Liscouski repeatedly emphasized that the department plans to move briskly forward with its cyber-security initiatives and that mistakes are inevitable. "We will err on the side of sharing too much information sometimes," he said. "What has been very helpful to me is knowing that were going to make mistakes." Some committee members questioned Liscouski about the recent departures of several cyber-security experts from the administration, including Richard Clarke, Howard Schmidt and Ron Dick, and asked whether cyber-security is being given a sufficiently prominent role.The National Cyber Security Division at DHS has approximately 65 employees and an additional 35 positions to be filled, Liscouski said, adding that he believes the division has adequate funding at present. Liscouski Tuesday formally announced the appointment of Amit Yoran to head the National Cyber Security Division at DHS. Asked why it took so long to fill the spot, Liscouski said it was a matter of finding the most suitable candidate. "We just had to find the right person who understood that this is about execution. We needed an implementer," he said, adding that the risk of potentially not succeeding in that role is "great."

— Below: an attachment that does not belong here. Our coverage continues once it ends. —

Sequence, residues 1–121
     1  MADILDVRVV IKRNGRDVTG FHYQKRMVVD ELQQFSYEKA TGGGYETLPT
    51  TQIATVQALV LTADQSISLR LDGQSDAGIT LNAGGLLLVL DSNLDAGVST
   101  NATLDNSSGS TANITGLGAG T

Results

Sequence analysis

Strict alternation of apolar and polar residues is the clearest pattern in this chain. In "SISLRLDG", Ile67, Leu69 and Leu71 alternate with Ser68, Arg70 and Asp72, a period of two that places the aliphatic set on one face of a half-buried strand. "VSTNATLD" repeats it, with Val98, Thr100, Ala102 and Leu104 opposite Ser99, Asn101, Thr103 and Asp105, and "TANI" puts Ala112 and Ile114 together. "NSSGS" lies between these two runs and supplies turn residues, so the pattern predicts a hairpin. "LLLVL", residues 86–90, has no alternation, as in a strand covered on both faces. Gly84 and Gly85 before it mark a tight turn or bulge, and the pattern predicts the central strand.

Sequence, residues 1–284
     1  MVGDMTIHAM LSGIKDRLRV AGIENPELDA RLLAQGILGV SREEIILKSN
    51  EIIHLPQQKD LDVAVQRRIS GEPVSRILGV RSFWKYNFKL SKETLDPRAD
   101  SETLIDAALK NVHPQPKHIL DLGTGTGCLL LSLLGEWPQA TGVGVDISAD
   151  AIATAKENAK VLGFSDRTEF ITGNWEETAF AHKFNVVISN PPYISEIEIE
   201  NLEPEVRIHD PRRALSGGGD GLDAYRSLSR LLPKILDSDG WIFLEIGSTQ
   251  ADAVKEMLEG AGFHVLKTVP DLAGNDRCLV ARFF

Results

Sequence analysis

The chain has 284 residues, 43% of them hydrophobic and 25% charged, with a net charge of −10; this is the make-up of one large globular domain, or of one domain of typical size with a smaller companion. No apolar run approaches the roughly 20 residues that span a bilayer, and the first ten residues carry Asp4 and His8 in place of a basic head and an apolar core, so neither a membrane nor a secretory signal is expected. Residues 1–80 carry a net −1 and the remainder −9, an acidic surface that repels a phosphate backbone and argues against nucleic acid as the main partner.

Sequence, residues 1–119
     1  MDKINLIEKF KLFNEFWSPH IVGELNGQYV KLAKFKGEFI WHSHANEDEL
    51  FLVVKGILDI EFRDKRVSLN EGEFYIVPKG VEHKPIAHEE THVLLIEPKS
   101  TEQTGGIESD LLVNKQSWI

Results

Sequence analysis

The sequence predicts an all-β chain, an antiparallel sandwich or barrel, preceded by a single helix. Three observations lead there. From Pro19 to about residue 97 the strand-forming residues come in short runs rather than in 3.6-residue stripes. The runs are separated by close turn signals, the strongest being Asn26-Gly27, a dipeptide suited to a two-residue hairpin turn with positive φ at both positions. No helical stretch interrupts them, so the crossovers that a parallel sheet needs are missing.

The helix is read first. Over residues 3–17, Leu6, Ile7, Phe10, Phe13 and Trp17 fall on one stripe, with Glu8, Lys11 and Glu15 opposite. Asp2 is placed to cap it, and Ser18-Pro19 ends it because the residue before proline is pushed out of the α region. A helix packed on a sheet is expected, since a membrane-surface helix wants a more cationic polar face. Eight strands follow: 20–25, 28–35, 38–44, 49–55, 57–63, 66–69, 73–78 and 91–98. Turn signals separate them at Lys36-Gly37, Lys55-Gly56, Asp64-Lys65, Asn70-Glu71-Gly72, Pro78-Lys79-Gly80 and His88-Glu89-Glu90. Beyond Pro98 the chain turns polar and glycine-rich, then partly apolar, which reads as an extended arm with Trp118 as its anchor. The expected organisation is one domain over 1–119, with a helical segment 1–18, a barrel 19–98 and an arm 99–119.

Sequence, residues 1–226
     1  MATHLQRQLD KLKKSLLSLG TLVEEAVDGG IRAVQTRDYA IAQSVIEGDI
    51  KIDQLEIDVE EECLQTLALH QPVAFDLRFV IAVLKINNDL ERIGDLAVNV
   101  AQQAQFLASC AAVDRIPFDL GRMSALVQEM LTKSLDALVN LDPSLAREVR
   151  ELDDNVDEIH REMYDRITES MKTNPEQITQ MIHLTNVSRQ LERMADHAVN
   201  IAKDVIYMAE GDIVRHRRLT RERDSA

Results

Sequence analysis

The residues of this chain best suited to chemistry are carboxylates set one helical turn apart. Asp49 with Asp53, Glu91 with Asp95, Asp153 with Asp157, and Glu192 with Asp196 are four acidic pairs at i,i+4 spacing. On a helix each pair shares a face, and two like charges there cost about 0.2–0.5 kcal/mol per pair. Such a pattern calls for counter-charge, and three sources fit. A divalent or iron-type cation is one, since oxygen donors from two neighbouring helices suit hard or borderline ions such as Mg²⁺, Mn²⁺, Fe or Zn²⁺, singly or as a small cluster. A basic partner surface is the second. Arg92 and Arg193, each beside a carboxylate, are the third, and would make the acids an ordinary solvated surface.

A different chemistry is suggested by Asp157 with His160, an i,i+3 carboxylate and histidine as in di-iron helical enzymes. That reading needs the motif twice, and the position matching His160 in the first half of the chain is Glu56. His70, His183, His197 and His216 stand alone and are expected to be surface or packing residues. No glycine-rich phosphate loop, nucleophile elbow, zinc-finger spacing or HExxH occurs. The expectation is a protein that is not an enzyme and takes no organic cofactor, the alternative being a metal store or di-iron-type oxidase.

"Im worried that cyber-security has been demoted," said Zoe Lofgren, D-Calif. "How many desks are empty? Is there anyone there to answer the phone?"